7. Terry: Thanks for the in-depth comment… I found it interesting how you noted that it’s the most “personal” of the sites you’ve been looking at for info. I’ve been thinking about that lately. I realize from comments and email that some readers are taking what I’m doing as advice, which is fine, but in the end, I’m mainly keeping a journal of what I’M doing, which isn’t always necessarily “right”! I try to point this out here and there, like, “this is an experiment” or “we’ll see what happens”. On the other hand, it’s kinda silly and tedious to always qualify everything, so I’m going to go ahead and just keep writing about what I’m doing and how it turns out… :)

    Re the kerosene, I didn’t do any specific greenhouse research on kerosene vs anything else, because I’m not going for any sort of traditional greenhouse heating, this minimal heating is a whole other thing. Kerosene is more expensive than propane, but you need a proper propane heating set-up (which it sounds like you may have). I used a propane space heater last year, it puts out more BTUs for the dollar, but it wasn’t too reliable or safe to leave it running unattended all night. I also have a couple of different small (1500W) electric heaters that I can run out there as well. But kerosene seemed worth trying as well, and I can also use it indoors in the seedling room if power goes out earlier in winter. So it’s a mix of economies and experiments.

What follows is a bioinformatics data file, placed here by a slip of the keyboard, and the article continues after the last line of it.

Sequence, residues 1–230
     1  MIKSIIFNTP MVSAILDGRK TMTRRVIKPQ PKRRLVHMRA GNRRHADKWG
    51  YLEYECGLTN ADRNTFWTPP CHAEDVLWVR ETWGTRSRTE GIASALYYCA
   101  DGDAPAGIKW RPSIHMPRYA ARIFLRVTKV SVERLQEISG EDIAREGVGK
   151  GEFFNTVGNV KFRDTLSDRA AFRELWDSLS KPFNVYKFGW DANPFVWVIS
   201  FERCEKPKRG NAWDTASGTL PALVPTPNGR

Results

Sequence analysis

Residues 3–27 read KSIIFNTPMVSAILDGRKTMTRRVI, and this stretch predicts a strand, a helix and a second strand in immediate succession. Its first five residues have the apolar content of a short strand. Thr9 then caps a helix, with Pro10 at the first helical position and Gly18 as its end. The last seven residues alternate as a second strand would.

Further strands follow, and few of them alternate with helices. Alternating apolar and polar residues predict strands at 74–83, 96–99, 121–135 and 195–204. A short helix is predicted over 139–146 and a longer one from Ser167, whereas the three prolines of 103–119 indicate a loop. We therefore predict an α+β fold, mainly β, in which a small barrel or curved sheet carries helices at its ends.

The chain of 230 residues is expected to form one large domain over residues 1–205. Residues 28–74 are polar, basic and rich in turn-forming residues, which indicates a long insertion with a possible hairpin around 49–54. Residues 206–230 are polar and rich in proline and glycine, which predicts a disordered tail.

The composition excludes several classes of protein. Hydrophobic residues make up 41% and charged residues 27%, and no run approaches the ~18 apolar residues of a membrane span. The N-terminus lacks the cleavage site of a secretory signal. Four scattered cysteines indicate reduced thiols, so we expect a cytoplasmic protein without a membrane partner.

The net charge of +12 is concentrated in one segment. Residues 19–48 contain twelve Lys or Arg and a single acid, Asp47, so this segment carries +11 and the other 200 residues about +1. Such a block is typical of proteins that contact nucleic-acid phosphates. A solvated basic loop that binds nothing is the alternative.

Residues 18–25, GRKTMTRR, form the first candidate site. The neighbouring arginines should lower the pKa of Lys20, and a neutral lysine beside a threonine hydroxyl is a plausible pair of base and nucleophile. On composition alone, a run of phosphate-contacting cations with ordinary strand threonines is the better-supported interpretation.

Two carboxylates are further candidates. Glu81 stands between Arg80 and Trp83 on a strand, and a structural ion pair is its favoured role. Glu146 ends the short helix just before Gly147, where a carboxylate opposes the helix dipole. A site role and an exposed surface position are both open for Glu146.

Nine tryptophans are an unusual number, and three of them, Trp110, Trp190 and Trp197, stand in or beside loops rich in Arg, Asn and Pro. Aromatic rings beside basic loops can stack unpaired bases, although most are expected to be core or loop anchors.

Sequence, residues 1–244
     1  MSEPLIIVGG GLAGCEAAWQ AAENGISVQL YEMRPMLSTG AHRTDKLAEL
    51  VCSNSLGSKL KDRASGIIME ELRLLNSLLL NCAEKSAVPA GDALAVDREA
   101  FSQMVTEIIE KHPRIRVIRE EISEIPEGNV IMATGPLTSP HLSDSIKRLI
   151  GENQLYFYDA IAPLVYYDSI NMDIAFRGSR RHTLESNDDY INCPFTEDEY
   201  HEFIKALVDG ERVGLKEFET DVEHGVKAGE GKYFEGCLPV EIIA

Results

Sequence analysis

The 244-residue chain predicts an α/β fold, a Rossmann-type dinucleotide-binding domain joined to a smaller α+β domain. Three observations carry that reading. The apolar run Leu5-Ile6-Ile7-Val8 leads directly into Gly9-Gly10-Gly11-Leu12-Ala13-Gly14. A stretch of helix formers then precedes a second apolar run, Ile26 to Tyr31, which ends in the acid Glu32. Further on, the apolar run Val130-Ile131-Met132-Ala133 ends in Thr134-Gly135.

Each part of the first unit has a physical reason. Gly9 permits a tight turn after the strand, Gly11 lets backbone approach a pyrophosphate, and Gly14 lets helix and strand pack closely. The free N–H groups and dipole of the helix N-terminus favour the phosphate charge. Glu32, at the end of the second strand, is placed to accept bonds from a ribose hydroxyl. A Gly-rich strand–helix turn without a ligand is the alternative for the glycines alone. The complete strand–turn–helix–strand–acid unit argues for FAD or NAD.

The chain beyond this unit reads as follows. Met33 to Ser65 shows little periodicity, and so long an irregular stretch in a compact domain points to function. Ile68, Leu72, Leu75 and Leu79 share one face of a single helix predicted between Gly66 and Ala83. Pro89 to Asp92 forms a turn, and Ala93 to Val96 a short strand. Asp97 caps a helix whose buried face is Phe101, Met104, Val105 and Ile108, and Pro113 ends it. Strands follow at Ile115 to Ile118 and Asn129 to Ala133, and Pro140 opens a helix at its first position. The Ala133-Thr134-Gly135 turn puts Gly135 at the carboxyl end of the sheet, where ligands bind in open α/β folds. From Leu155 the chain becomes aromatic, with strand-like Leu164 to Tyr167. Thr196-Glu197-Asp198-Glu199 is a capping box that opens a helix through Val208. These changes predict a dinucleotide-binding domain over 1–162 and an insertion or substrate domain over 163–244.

For minimal heating in the relatively small (640 sq ft) seedling greenhouse, I only need a very small amount of steady heat, plus air circulation, plus row cover. It’s a trial and error thing…